State News

Vermont joins first-of-its-kind international effort to combat climate change

“Under 2 MOU” signatories commit to reduce greenhouse gas emissions

Governor Peter Shumlin announced May 21 that Vermont has signed onto a first-of-its-kind agreement with international leaders from 11 other states and countries, collectively representing more than $4.5 trillion in GDP and 100 million people, to limit the increase in global average temperature to below 2 degrees Celsius–the warming threshold at which scientists say there will likely be catastrophic climate disruptions.

Spearheaded by California governor Jerry Brown, the dozen-state agreement called the “Under 2 MOU” provides a template for the world’s nations to follow as work continues toward an international agreement to reduce greenhouse gas emissions ahead of this year’s United Nations Climate Change Conference in Paris.

“There is no greater challenge than climate change,” said Governor Shumlin. “From disastrous flooding in Vermont to devastating drought in California, we are already seeing the disruptive effects of changing weather on our lands, in our communities, and on our economy. Vermont is making this commitment because we know that states and regional governments have to work together for solutions on the ground to make a real difference. We must get this right for our kids and grandkids.”

“As the chair of the governor’s Climate Cabinet I am thrilled that we are joining other states in announcing today a bold goal for reducing greenhouse gas emissions,” said Agency of Natural Resources Secretary Deb Markowitz. “Cutting carbon pollution matters. Science shows that because of carbon pollution we are experiencing environmental changes and climate disruption across the globe that threatens our economy, our communities, our ecosystems, our health and the safety of our families. In one year alone (2012), climate disasters cost the United States economy over 100 billion dollars.”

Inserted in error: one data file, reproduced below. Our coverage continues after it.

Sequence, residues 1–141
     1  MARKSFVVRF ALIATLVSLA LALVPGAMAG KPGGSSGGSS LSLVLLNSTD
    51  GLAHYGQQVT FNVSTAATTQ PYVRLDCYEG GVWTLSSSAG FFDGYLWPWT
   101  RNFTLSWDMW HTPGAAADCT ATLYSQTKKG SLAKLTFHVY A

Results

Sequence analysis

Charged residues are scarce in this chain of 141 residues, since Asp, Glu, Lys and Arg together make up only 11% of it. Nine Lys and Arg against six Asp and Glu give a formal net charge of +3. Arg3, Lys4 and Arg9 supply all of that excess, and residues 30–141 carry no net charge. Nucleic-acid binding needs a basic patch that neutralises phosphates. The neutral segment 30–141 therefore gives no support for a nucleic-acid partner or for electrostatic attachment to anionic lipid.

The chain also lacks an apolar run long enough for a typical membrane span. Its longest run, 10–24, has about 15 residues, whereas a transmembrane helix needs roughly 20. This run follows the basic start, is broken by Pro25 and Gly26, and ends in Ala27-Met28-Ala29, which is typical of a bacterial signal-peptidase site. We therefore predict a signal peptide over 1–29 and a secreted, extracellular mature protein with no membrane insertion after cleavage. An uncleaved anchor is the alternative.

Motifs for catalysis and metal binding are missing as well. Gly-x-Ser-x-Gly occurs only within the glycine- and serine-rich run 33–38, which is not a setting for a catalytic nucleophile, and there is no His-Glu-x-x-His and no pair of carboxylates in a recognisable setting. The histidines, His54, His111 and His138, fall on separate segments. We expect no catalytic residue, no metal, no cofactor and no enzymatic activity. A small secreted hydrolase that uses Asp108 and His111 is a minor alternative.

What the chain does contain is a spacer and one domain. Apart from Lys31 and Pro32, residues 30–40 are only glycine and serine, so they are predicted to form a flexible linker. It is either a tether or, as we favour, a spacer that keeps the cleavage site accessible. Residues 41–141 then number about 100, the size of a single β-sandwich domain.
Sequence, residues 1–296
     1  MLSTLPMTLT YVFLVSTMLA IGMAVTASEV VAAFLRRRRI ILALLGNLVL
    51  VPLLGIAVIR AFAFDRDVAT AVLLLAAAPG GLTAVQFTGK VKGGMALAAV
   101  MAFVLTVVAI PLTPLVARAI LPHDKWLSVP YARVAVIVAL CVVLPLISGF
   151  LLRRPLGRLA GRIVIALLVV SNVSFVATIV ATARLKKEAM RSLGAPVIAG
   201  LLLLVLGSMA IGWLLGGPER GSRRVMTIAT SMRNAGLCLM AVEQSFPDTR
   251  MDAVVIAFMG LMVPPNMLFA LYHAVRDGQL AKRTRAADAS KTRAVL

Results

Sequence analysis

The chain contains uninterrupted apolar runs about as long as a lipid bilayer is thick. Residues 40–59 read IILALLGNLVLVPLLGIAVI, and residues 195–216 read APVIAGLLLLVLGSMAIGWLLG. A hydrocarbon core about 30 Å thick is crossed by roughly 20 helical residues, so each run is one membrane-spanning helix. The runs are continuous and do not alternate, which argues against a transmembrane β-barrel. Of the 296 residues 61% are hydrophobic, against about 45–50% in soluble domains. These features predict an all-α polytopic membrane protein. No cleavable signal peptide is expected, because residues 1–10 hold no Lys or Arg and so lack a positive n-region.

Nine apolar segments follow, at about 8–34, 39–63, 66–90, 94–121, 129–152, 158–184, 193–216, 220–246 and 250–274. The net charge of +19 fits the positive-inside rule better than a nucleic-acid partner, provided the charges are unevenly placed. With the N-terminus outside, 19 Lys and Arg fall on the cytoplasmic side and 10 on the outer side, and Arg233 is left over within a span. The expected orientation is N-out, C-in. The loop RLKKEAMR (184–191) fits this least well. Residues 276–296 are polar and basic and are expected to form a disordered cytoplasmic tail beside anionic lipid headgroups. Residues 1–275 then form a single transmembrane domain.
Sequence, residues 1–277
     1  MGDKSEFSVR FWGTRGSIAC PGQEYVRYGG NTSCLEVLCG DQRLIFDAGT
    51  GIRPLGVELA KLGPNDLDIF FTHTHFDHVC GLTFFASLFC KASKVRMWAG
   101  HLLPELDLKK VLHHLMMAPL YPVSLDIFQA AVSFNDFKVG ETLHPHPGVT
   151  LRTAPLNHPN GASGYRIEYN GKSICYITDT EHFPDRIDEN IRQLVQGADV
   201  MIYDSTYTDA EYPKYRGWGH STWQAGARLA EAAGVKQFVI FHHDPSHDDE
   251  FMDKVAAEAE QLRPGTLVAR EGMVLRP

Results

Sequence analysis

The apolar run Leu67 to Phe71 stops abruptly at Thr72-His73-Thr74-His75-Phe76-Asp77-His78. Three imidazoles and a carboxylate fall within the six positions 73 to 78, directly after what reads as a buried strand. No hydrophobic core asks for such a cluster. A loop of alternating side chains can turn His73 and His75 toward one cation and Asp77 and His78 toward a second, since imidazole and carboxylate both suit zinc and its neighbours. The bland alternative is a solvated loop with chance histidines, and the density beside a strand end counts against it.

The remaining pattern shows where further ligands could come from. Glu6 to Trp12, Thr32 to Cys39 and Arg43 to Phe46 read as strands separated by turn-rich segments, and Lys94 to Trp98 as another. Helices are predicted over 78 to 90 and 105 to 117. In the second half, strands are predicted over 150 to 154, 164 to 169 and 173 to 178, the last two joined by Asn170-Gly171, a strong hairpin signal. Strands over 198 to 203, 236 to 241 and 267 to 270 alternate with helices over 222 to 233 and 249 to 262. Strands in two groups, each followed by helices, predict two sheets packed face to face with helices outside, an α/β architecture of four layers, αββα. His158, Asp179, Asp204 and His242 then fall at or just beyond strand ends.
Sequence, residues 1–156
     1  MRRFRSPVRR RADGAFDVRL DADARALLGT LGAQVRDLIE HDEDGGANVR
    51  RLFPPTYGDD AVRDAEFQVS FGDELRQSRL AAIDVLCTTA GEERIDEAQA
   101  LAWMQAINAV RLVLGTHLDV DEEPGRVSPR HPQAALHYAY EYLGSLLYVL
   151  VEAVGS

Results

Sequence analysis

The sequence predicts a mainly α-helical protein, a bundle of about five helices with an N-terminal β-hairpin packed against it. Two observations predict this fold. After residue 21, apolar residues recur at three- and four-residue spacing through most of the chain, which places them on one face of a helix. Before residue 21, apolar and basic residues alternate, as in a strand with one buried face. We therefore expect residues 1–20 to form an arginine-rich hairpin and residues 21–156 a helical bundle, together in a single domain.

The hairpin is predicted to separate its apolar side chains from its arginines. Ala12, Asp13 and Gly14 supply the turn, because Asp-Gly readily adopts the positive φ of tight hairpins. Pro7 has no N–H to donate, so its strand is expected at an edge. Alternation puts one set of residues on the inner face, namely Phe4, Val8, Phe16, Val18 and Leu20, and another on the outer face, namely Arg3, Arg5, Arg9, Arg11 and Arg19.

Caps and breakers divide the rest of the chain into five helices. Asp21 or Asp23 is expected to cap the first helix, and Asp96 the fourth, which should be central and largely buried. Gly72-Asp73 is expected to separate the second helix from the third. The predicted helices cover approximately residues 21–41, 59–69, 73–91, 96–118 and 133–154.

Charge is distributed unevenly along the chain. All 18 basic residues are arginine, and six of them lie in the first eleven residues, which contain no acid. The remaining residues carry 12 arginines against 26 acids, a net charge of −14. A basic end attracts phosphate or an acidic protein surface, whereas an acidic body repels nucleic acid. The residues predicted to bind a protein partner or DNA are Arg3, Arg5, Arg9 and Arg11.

The 12 founding signatories to the agreement span seven countries in both advanced and developing economies on three continents and would collectively constitute the fourth largest economic entity in the world by GDP. The signatories include: California; Acre, Brazil; Baden-Württemberg, Germany; Baja California, Mexico; Catalonia, Spain; Jalisco, Mexico; and Ontario, Canada, who participated in today’s signing ceremony in Sacramento, as well as; British Columbia, Canada; Oregon; Vermont, USA; Washington State; and Wales, U.K.

Under the agreement, the signatories commit to either reduce greenhouse gas emissions 80 to 95 percent below 1990 levels by 2050 or achieve a per capita annual emission target of less than 2 metric tons by 2050. These targets allow individual governments to tailor emission reduction plans to fit regional needs.

The pact seeks to enhance cooperation to achieve these goals through a range of activities, including:

Developing mid-term targets needed to support long-term reduction goals

Sharing technology, scientific research and best practices to promote energy efficiency and renewable energy

Collaborating to expand the use of zero-emission vehicles

Taking steps to ensure consistent monitoring and reporting of greenhouse gas emissions

Improving air quality by reducing short-lived climate pollutants such as black carbon and methane

Assessing the projected impacts of climate change on communities.

The agreement’s signatories have also committed to recruiting additional global partners ahead of the United Nations Climate Change Conference in Paris this December. To that end, California Air Resources Board Chair Mary Nichols hosted a reception with European partners May 21 at the Business and Climate Summit in Paris.

For more information on the agreement, visit:

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